The neck is a vulnerable area for experiencing problems partly because it receives many stressful influences from other sources. These influences force the neck to compensate which creates increased muscle activity, joint pressures, and possible nerve compression. The head and neck’s unique position in space, where it exists without surrounding support, also makes it vulnerable to injuries from falls, car accidents, and sports. The whiplash type of injury, as from a motor vehicle accident or a bad fall, is an all too common source of chronic neck pain.
Aside from the accidental sources, the more insidious causes of neck pain have a great deal to do with accumulative strain in and around the neck. The sources for this accumulative strain are many and varied; thus the expertise of a trained physical therapist is a preferred method of treatment. Let’s discuss a few of the sources of neck pain to gain an appreciation of its variety.
1. Breathing Improperly
One might be surprised to hear that breathing improperly (with your upper chest and neck, as opposed to your diaphragm) creates one of the most subtle, yet constant stresses on your neck. It causes increased muscular reactions and a chronic forward pull (poor posture), instigating neck pain. A person could breathe improperly for decades without notable consequence; but once the compensating muscles start to fatigue and get overly short, symptoms start to mount. This results in increased muscle tightness, headaches, joint compression and postural changes. Neck tension from this source would need to be identified, and appropriate treatment strategies utilized to treat the cause of the problem.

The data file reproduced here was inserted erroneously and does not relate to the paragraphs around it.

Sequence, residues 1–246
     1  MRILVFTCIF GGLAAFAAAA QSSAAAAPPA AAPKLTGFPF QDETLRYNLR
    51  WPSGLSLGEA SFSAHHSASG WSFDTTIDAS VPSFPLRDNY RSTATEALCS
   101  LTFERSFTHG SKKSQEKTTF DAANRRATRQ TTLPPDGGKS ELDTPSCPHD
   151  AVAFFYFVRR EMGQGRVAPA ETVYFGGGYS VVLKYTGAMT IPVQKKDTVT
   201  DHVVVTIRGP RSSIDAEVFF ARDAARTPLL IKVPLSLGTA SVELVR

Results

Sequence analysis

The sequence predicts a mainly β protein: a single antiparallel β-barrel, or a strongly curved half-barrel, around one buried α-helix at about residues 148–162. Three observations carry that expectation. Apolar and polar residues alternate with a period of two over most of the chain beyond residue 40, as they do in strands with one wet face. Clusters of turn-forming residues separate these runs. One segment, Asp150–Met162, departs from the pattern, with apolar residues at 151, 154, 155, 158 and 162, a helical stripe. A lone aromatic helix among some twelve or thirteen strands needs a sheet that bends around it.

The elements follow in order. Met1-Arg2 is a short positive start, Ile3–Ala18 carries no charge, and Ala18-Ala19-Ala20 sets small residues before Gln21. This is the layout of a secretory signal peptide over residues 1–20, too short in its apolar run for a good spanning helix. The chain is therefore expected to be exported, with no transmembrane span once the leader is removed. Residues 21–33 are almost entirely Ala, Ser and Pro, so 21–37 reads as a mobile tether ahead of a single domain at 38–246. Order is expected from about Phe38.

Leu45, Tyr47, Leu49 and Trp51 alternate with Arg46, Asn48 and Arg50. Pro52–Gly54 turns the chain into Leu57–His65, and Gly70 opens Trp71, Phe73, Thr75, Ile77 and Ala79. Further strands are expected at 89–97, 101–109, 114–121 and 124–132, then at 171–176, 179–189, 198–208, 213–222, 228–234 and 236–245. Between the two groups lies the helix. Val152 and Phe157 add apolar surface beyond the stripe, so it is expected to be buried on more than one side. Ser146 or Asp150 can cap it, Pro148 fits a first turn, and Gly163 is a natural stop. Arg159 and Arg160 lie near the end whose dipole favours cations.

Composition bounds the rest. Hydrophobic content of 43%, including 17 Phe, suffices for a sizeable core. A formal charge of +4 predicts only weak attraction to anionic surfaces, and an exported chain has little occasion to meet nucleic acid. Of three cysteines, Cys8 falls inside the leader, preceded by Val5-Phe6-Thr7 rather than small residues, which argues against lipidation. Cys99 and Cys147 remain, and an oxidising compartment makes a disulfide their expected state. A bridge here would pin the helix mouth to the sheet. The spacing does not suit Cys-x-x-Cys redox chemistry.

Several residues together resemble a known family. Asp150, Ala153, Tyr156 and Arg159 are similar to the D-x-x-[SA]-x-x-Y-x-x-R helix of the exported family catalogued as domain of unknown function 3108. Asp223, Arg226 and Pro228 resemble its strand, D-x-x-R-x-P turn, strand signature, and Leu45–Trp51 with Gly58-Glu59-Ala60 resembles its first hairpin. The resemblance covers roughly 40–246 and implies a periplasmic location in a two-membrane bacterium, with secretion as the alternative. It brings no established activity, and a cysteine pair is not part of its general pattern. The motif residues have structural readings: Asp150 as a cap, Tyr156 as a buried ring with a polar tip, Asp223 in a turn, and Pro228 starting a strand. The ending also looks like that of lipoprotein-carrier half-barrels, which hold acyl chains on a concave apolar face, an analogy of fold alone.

2. Your Work Station
Another source of chronic neck tension may arise through the daily use of a computer work station. In this situation strain on the neck can come from many sources. Is the workstation designed to fit the person using it? Does the chair help the person to sit correctly? Is the station designed properly but the person is using it incorrectly (very common)? Does the person understand the importance of postural breaks, correct respiration, eye fatigue, and right lateral trunk bias? All of these can create asymmetrical muscle tension, pain and potential headaches. A physical therapist can help discover if your work station is instigating your neck pain, and find ways to resolve the issue.
3. Shoulder Injury or Surgery
Have you had a shoulder injury or surgery? This can result in weakened shoulder muscles which then force your shoulder blades and neck to compensate. These over-worked muscles become hyperactive and sore. This is a source of ongoing stress to your neck, especially if you work in a physical job.
4. Chronic Back Pain
Do you have a chronic back problem? Imbalance in the trunk and pelvis can also cause muscular reactions all the way up through the shoulder blades and neck. The body naturally does this in an attempt to rebalance the stresses below. In addition, your neck has reflexes incorporated within it to always hold the eyes level. If there are imbalances below the neck that causes the head to tilt, these reflexes activate muscles to correct the tilt and level the eyes. This would create an ongoing source of muscle tension. Surprisingly, eyes have a powerful influence on neck muscle tone; so you should always make sure your glasses fit and function correctly, and that your eyes are working properly.
5. Tight Upper Thoracic Joints and Ribs
Lastly, tight upper thoracic joints and ribs are often found under hyperactive upper back and neck muscles. Also, the tighter the upper thoracic joints the more you overuse your neck to make up the difference for rotation. This strain can create disk and joint degenerative changes over time. Driving and looking back to check for traffic is a common mechanism for straining the neck but there are many examples of this type of stress in our everyday lives.
Vince Hanneken, PT & Owner